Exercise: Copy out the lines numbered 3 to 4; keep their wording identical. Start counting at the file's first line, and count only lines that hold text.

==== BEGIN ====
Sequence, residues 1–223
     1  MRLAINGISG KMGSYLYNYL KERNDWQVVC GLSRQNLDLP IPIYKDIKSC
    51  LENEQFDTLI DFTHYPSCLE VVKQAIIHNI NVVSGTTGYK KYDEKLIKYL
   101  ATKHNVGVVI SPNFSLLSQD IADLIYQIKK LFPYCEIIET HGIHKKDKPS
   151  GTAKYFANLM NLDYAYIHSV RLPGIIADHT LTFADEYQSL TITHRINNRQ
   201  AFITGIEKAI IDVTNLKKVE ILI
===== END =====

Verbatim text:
    51  LENEQFDTLI DFTHYPSCLE VVKQAIIHNI NVVSGTTGYK KYDEKLIKYL
   101  ATKHNVGVVI SPNFSLLSQD IADLIYQIKK LFPYCEIIET HGIHKKDKPS